The safe pick is to go with the fighter who’s done this championship dance before and that’s Moreno. Three times actually. It’s that edge in title fight experience that has me feeling confident he’ll top Kara-France again, though I’m also confident that this isn’t the last time we see Kara-France fight for a UFC belt.
Moreno by decision.
Derrick Lewis (6) vs. Sergei Pavlovich
At the risk of being the subject of his next roast, I’m just going to say it: I don’t think Derrick Lewis can beat high-level strikers anymore.
Here are Lewis’ recent wins: Chris Daukaus (Brazilian jiu-jitsu specialist), Curtis Blaydes (vastly improved hands, but a wrestler at heart), Aleksei Oleinik (submission specialist with an aversion to stand-up), and Ilir Latifi (solid boxer, but he hasn’t threatened to knock anyone out in years). We know Lewis can punch out over-matched competition. We don’t know if he can win a back-and-forth battle on the feet anymore.
We also don’t know how good Sergei Pavlovich’s striking actually is, but there is plenty of evidence that the hulking Russian can get it done with his hands. Twelve knockouts, all in the first round, that’s a recipe for success against the often slow-starting Lewis. If Pavlovich finds the timing early, Lewis could be in serious danger of taking his third knockout loss in his past four fights.
Lewis should work to close the distance and bully Pavlovich against the fence while looking for trips to put him on his back. One thing we know for sure is that Lewis’ ground-and-pound is as deadly as ever. Pavlovich is a plus-athlete with a wrestling background, so much like Lewis himself he can probably just power out of bottom position, but ground fighting is a good way for Lewis to do damage to his rangier opponent.
Pavlovich sits just outside the top 15 of the MMA Fighting Global Rankings and he’s poised for a big jump up at Lewis’ expense. He takes this one by knockout.
Alexandre Pantoja (7) vs. Alexandre Pantoja (7) Alex Perez (8)
The flyweight division is ridiculously deep right now.
Case in point, you could have slotted Alexandre Pantoja and Alex Perez into an interim title fight and while they don’t have the name recognition of Moreno and Kara-France, the quality of competition is just as high. Perez has already fought for a UFC title — albeit as a replacement — and Pantoja owns two wins over Moreno (one from their season of The Ultimate Fighter).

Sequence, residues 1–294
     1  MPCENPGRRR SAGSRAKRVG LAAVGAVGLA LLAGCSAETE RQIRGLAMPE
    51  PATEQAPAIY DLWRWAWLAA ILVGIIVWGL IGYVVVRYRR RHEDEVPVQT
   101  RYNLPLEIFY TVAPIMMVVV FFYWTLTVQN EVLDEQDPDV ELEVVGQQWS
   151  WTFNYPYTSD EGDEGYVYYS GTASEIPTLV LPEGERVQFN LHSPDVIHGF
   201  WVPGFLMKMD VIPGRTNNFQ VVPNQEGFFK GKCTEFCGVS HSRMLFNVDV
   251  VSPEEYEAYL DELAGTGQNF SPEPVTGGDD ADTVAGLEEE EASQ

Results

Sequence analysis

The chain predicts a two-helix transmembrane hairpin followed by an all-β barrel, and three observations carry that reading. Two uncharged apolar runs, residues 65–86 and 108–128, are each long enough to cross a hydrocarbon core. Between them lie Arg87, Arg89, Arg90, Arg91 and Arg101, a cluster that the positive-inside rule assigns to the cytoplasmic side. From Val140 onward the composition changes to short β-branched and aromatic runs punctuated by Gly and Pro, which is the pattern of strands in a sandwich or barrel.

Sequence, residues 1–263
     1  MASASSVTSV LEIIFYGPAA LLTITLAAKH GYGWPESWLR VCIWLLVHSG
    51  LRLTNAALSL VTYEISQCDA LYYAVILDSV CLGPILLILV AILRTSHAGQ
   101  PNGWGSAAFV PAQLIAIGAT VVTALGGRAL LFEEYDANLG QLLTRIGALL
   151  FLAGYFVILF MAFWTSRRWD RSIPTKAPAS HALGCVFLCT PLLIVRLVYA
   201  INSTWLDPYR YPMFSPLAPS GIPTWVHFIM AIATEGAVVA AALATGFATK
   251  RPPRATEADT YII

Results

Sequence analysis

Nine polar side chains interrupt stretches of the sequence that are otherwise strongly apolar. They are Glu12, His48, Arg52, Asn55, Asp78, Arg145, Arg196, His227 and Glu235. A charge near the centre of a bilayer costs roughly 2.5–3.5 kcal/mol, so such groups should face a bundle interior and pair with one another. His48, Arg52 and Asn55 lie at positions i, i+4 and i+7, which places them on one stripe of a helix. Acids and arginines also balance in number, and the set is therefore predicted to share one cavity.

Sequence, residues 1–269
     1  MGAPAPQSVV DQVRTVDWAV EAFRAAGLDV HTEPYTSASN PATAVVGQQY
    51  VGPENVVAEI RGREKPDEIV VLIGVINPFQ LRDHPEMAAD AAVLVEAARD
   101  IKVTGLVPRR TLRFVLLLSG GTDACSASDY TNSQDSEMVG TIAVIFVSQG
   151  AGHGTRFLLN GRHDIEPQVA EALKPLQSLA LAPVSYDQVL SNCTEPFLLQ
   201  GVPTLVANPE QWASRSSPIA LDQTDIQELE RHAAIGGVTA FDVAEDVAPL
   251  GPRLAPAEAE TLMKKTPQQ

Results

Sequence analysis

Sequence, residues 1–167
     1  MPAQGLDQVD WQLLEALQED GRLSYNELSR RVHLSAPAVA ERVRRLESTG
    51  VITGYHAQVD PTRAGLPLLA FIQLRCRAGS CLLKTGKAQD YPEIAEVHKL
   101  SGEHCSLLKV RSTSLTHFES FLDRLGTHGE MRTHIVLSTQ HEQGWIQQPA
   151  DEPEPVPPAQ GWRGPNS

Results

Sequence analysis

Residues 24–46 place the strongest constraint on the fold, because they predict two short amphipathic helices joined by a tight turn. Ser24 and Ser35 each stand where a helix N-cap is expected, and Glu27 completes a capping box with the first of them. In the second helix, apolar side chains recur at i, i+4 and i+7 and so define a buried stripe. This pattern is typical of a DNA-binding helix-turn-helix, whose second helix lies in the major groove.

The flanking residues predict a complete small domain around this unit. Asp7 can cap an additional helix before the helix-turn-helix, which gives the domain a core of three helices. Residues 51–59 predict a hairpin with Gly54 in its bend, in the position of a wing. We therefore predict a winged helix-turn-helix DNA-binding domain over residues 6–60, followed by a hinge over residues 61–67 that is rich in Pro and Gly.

I have Pantoja sliding into that next contender spot with a win over Perez on Saturday. Perez has quick hands and solid wrestling, the latter of which could give Pantoja problems, but Pantoja has serious pop when he starts throwing and his jiu-jitsu is elite. There aren’t a lot of places that Perez can take this fight where Pantoja isn’t a threat.
The other factor to consider here is that Perez is susceptible to submissions while Pantoja has never been finished. If you like this one to end inside the distance, then Pantoja is the pick all the way. I see these two having some lively exchanges in the standup and on the ground in Round 1 before Pantoja pulls away and finds a submission in Round 2.
Magomed Ankalaev (7) vs. Anthony Smith (8)
I get the whole “Anthony Smith is going to force Magomed Ankalaev to bring the dog out” angle of this matchup and why that should favor Smith, but I think Ankalaev is up to the challenge.
Keep in mind, Ankalaev is a solid counter-striker who uses smart movement to avoid firefights. Even if Smith’s plan is to make this one sloppy, Ankalaev has the skill to prevent the action from breaking down into a slugfest. Look for his precision and counter work to deter Smith’s early efforts to push the pace.
As the fight goes on, that’s where Smith’s big game experience comes into play. You know he means it when he says there’s nothing about Ankalaev that intimidates him and he won’t be afraid to take risks to stop Ankalaev’s eight-fight win streak. Smith is the most dangerous kind of opponent for Ankalaev: Highly skilled, highly motivated, and with more to gain than lose.
Ankalaev still needs to make a statement to make himself the clear No. 1 contender and while I’m picking him to overcome adversity and win a decision against Smith, I doubt that he dominates in such a way that the matchmakers bump him to the front of the line.